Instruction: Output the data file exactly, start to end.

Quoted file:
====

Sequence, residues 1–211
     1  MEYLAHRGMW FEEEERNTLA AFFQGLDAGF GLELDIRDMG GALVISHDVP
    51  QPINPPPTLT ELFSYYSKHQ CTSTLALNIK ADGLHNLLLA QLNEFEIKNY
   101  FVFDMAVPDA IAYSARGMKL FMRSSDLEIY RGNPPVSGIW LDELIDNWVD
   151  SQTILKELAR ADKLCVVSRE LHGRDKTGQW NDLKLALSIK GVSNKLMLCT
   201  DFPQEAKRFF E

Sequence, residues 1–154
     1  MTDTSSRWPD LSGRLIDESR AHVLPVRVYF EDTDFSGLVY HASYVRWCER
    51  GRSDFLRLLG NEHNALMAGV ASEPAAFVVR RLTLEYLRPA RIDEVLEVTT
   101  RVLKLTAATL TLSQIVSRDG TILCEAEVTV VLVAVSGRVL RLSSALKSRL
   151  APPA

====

Sequence, residues 1–211
     1  MEYLAHRGMW FEEEERNTLA AFFQGLDAGF GLELDIRDMG GALVISHDVP
    51  QPINPPPTLT ELFSYYSKHQ CTSTLALNIK ADGLHNLLLA QLNEFEIKNY
   101  FVFDMAVPDA IAYSARGMKL FMRSSDLEIY RGNPPVSGIW LDELIDNWVD
   151  SQTILKELAR ADKLCVVSRE LHGRDKTGQW NDLKLALSIK GVSNKLMLCT
   201  DFPQEAKRFF E

Sequence, residues 1–154
     1  MTDTSSRWPD LSGRLIDESR AHVLPVRVYF EDTDFSGLVY HASYVRWCER
    51  GRSDFLRLLG NEHNALMAGV ASEPAAFVVR RLTLEYLRPA RIDEVLEVTT
   101  RVLKLTAATL TLSQIVSRDG TILCEAEVTV VLVAVSGRVL RLSSALKSRL
   151  APPA